Every parent starts with a set of convictions about how they’ll raise their kids, only to find most of those ideas flying out the window when faced with the reality of children. The promises of a peacefully sleeping baby in the crib or the commitment to slow-cooked meals vanish faster than we expect, challenged by the sheer unpredictability of parenting. Recently, one dad added a hilarious festive twist to the universal truth about parenting in a video on Instagram, and it was none other than Santa himself who came to his rescue while dealing with his children.
The Viral Video
In a now-viral Instagram video shared by @fitdadceo, a dad humorously navigates the ever-changing struggles of parenting at the dinner table with the help of Santa. Captioned “’Tis the season to weaponize Santa,” the video begins with a before kids perspective, where the dad confidently asserts his stance against using Santa or bribes in parenting.
Cut to the reality with kids, and the dad is hilariously in full-on bribery mode. Addressing an imaginary conversation with a child, he quips, “Oh, you don’t think I know him?” The dad pretends to make a phone call to Santa himself, wherein the dad seeks advice on disciplining his son for refusing dinner. The dad relays to Santa that his son isn’t eating his veggies and should be removed from the nice list. Hearing this, the son, Preston, immediately starts eating his vegetables.
The audience was absolutely on board with the dad’s tactics, offering their own instances of parenting insanity. One parent veered from Santa to the Grinch, admitting to saving their number as “The Grinch” in their phone and leaving pretend voicemails, creating a hilarious ruse for their kids.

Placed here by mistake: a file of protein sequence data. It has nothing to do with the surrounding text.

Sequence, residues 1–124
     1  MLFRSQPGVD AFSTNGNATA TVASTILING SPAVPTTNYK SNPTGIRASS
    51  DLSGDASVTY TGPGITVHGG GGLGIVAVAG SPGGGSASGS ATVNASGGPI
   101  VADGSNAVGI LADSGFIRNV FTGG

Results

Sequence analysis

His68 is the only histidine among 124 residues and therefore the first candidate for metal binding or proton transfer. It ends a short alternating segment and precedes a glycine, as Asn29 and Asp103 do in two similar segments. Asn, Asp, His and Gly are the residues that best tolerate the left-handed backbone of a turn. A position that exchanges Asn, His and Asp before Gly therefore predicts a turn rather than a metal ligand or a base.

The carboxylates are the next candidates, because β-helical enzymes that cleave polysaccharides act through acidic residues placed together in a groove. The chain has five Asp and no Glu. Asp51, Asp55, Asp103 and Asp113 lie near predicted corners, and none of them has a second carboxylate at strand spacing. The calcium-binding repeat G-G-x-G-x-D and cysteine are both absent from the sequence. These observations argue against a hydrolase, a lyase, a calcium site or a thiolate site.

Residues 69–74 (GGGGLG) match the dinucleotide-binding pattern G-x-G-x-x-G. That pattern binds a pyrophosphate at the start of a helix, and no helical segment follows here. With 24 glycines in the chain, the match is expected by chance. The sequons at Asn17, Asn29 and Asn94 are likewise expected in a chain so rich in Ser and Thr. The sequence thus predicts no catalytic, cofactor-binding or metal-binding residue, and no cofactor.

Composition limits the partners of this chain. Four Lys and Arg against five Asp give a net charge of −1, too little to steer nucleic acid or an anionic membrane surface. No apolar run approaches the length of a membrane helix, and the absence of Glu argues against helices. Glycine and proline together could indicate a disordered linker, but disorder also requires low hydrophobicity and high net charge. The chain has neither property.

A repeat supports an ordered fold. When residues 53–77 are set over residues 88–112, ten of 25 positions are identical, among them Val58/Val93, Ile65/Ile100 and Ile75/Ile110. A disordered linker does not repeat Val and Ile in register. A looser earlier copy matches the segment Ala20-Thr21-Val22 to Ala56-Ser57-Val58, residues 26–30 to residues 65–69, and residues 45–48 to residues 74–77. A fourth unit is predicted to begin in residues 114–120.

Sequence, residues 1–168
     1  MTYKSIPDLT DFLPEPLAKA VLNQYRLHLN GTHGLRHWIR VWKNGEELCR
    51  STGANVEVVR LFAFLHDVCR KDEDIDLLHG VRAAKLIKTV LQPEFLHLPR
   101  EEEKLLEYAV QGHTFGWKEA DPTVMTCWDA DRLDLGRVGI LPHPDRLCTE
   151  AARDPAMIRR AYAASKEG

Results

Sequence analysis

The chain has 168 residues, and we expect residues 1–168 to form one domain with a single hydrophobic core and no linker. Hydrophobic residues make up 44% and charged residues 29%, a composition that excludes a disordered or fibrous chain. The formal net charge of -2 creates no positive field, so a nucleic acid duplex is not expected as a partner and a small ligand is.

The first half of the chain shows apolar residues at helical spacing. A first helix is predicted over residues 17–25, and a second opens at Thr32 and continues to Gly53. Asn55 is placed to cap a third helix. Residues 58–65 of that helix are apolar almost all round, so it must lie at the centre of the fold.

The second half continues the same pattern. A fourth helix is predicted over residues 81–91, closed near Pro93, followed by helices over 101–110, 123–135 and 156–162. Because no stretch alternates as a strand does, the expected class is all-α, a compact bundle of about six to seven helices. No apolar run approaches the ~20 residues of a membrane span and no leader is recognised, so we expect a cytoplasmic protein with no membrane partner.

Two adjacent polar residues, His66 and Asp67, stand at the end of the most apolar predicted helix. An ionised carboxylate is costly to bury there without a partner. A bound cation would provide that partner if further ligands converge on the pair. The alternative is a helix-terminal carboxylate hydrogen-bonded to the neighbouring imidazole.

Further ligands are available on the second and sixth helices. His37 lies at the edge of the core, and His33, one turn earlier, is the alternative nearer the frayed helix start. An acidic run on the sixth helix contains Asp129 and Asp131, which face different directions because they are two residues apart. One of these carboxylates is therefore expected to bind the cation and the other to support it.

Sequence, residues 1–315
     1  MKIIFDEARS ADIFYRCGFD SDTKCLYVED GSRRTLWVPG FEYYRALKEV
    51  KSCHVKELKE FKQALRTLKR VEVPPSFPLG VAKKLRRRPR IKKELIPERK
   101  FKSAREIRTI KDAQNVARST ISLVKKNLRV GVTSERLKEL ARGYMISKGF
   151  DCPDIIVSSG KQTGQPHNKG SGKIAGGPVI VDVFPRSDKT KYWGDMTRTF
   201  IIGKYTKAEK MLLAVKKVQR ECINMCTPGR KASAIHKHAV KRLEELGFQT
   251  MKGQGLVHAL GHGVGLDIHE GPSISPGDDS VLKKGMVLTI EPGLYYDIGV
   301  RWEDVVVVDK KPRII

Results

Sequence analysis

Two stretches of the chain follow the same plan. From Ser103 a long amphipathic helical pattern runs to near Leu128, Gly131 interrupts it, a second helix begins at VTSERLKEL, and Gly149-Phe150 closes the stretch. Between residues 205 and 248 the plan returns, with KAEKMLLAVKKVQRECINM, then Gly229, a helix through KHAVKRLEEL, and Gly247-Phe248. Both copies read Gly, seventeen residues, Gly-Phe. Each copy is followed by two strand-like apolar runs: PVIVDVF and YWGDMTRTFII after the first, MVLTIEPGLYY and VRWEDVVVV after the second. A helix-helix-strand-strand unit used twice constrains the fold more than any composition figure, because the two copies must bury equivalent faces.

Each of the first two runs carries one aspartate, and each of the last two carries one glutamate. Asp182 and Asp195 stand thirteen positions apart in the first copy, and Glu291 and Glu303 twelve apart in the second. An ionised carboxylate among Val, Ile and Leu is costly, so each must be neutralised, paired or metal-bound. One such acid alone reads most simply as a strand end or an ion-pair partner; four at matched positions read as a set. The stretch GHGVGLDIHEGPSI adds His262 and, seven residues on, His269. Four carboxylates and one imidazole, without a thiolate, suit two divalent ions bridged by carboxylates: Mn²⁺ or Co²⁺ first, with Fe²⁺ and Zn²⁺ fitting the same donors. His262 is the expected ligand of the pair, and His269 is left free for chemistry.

A particularly crafty tip involved bringing in a friend as the designated “Santa” contact, offering a lifeline for parents dealing with curious kids who demand proof. However parents use Santa in the holiday season, they can rest assured that they likely aren’t the only parents using the naughty list as a subtle threat!
Recently one stay-at-home dad took to Reddit to express his struggle with social inclusion at the playground. The dad shared his experience of feeling left out when visiting a local park with his little son. Despite being surrounded by other parents, mostly moms, he found himself sitting quietly by himself, excluded from their group chats. As a stay-at-home parent, he emphasized the significance of social interaction and made a heartfelt plea for dads to be allowed to connect with other parents.
Shared Experiences and Alternative Perspectives
The dad’s post resonated with many commenters who could relate to the challenges of breaking into mom-centric social circles. A single dad expressed sadness at the situation, longing for the chance to share the joyous parenting moments with fellow caregivers. However, some commenters advised reading the social dynamics of the park before assuming exclusion. They suggested that not all dads may be interested in engaging in small talk during their park visits, emphasizing the importance of respecting individual preferences.
Small Talk and Personal Space
Amidst the discussion, several commenters revealed their ambivalence towards the common parent small-talk culture. Instead, they expressed the desire to simply sit back, relax, and observe their children at play without feeling obligated to engage in conversation. While acknowledging the potential loneliness experienced by dads within parenting circles, they also discussed and mainly focused on the less desirable aspects of small talk at the playground.
Striking a Balance Between Inclusion and Autonomy
In conclusion, the general consensus among commenters highlighted the significance of inclusivity. When dads appear lonely or isolated at the park, extending an invitation to join the social scene can make a positive difference. However, it is equally important to respect their need for personal space and allow them to enjoy their solitude if they prefer. Striking a balance between inclusion and autonomy ensures that everyone’s social needs are met.